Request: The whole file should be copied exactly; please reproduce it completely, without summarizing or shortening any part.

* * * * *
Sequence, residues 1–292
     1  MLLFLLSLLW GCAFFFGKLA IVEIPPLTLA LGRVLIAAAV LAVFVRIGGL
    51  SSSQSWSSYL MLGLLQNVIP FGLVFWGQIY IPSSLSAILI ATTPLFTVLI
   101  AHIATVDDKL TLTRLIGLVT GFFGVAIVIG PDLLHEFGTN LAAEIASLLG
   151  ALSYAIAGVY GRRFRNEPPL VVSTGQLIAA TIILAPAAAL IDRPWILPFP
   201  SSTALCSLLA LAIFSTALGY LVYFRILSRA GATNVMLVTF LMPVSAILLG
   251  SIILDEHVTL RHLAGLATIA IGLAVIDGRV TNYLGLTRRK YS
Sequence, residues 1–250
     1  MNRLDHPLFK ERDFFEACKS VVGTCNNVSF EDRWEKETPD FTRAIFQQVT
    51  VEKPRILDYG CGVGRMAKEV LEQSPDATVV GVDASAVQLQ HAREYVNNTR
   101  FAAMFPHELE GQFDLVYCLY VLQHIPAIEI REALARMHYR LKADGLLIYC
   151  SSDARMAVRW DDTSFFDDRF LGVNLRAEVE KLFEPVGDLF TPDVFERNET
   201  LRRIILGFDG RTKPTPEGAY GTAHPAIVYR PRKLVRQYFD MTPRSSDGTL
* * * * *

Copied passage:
Sequence, residues 1–292
     1  MLLFLLSLLW GCAFFFGKLA IVEIPPLTLA LGRVLIAAAV LAVFVRIGGL
    51  SSSQSWSSYL MLGLLQNVIP FGLVFWGQIY IPSSLSAILI ATTPLFTVLI
   101  AHIATVDDKL TLTRLIGLVT GFFGVAIVIG PDLLHEFGTN LAAEIASLLG
   151  ALSYAIAGVY GRRFRNEPPL VVSTGQLIAA TIILAPAAAL IDRPWILPFP
   201  SSTALCSLLA LAIFSTALGY LVYFRILSRA GATNVMLVTF LMPVSAILLG
   251  SIILDEHVTL RHLAGLATIA IGLAVIDGRV TNYLGLTRRK YS
Sequence, residues 1–250
     1  MNRLDHPLFK ERDFFEACKS VVGTCNNVSF EDRWEKETPD FTRAIFQQVT
    51  VEKPRILDYG CGVGRMAKEV LEQSPDATVV GVDASAVQLQ HAREYVNNTR
   101  FAAMFPHELE GQFDLVYCLY VLQHIPAIEI REALARMHYR LKADGLLIYC
   151  SSDARMAVRW DDTSFFDDRF LGVNLRAEVE KLFEPVGDLF TPDVFERNET
   201  LRRIILGFDG RTKPTPEGAY GTAHPAIVYR PRKLVRQYFD MTPRSSDGTL